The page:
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Learning to Improve Student Engagement

Ms.+Emily+Hoyt+doing+her+own+homework+reading+John+Antonetti%E2%80%99s+book+about+active+learning.
Ms. Emily Hoyt doing her own homework reading John Antonetti’s book about active learning.

Ms. Emily Hoyt doing her own homework reading John Antonetti’s book about active learning.

Curtis Sullivan

Curtis Sullivan

Ms. Emily Hoyt doing her own homework reading John Antonetti’s book about active learning.

Samantha Felner, Staff Writer

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Have you noticed any teachers walk through your classroom? Were you wondering what they were doing, peering over your shoulder? These are called learning walks, but really, what are they?
According to Diane McCabe, a union representative of the Connecticut Teachers Association, the point of learning walks are for teachers and staff members to see how other teachers incorporate lessons into their classrooms. Although BMS teachers have collected limited data because the district has started doing it just this year, other school districts have found that teachers learn a lot from these walkthroughs.

Currently, mostly administrators have completed walkthroughs, but the goal is to figure out a way to get teachers and any staff member visiting classrooms. In order for all staff members to be able to partake in these learning walks, schedules will need to be created in order to make them run smoothly.

As stated by the Principal, Dr. Adam Rosen, these learning walks were brought to the school district by John Antonetti, who wrote a book about these teacher walkthroughs, and then proceeded to come to the Westport district and taught all administrators, teachers, coaches, and all staff how to partake in these learning walks.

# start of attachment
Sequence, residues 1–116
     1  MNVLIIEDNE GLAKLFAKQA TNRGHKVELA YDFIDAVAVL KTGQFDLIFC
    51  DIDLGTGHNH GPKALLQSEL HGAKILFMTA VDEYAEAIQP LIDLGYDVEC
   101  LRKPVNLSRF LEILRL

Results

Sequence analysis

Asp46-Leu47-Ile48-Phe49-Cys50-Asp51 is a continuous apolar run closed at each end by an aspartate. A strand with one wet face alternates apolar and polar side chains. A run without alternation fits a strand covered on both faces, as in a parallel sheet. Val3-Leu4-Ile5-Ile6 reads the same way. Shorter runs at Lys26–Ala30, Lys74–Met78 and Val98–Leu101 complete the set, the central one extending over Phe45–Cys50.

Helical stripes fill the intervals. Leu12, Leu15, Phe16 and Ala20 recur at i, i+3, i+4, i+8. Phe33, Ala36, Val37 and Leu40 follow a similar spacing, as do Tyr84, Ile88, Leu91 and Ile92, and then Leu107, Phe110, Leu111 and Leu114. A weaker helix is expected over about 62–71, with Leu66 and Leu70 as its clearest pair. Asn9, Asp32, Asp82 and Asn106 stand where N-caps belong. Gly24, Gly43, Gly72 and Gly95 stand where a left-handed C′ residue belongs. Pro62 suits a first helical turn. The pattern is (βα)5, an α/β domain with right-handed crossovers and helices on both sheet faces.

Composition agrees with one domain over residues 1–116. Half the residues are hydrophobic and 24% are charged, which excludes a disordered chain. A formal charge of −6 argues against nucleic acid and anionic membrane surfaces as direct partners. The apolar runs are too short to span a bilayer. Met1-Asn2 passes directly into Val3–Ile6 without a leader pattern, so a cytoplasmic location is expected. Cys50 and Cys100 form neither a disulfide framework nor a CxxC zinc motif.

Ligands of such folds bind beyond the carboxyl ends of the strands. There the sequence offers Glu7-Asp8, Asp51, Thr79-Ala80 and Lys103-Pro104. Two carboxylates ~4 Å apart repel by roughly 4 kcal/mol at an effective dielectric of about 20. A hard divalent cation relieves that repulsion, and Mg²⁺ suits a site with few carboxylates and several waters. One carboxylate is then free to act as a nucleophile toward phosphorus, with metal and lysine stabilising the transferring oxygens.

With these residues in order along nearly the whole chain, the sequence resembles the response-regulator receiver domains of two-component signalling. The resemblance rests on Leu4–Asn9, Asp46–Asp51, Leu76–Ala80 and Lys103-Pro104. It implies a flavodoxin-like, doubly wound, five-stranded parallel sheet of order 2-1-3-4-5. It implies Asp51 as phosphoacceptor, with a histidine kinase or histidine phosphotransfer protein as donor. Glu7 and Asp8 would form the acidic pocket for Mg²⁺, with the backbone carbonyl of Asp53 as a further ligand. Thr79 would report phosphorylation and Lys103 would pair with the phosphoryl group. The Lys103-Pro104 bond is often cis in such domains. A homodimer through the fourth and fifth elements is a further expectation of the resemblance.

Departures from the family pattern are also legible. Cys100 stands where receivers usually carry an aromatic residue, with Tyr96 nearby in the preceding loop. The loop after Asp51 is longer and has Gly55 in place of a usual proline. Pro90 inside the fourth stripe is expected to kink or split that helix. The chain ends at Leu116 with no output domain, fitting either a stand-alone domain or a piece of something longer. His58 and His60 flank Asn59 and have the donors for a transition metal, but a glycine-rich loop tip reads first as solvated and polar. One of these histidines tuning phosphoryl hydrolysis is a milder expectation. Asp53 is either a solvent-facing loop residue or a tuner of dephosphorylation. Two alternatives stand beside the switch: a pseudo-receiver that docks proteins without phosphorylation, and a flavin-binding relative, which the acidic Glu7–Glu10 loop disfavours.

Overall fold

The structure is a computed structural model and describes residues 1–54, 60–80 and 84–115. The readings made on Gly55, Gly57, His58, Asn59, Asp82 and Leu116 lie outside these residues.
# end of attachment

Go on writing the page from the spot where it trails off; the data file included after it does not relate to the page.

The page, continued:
Dr. Rosen, along with the teachers doing these walkthroughs, have yet to see an impact from them, but they hope that in years to come all staff members will benefit. “Yes, these learning walks will eventually have a great impact on students. Learning walks are not designed to evaluate teachers, they were designed to look at the kind of work students are given, and ask the question of, is this work rigorous, or not? Rigor is defined when students are making meaning,” said Dr. Rosen.

Currently, more than half of the staff has taken part in these walkthroughs, but the goal is to have all staff members do a learning walk, at least once. The visit only takes minutes; two to three teachers go into a classroom, and try to see if they can see what type of work the students are doing.

After the learning walk, all teachers pull out a rubric from John Antonetti’s book. The rubric is split into four sections, sections 1 and 2 are learning activities like recall taking notes, or restating known knowledge. However, certain class activities can be placed in sections 3 and 4. These classes were “making meaning.” Although many rubrics designed with “1,2,3,4” portray that “4” would be best and “1” would be least, this rubric is different. No numbers are better than the ones left or right of each other, “This was the big ah-ha moment when staff were taught, and began to realize this,” said Dr. Rosen. When classrooms fall on the right side of the rubric, this means that they are “making meaning,” and this is known as the “rigor divide.” The goal for classrooms is to have 20 percent of the tasks land on the right side.

Learning walks have three rules.

Do no harm: No interrupting and don’t make teachers or students feel as if they are being criticized.
Have fun: Enjoy the opportunity to look and analyze learning, without being responsible for any students.
No feedback: This is a process of self reflection, it is all about professional development.

Dr. Rosen concluded, “Learning walks focus directly on professional development; they are not for evaluating teachers.”

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Learning to Improve Student Engagement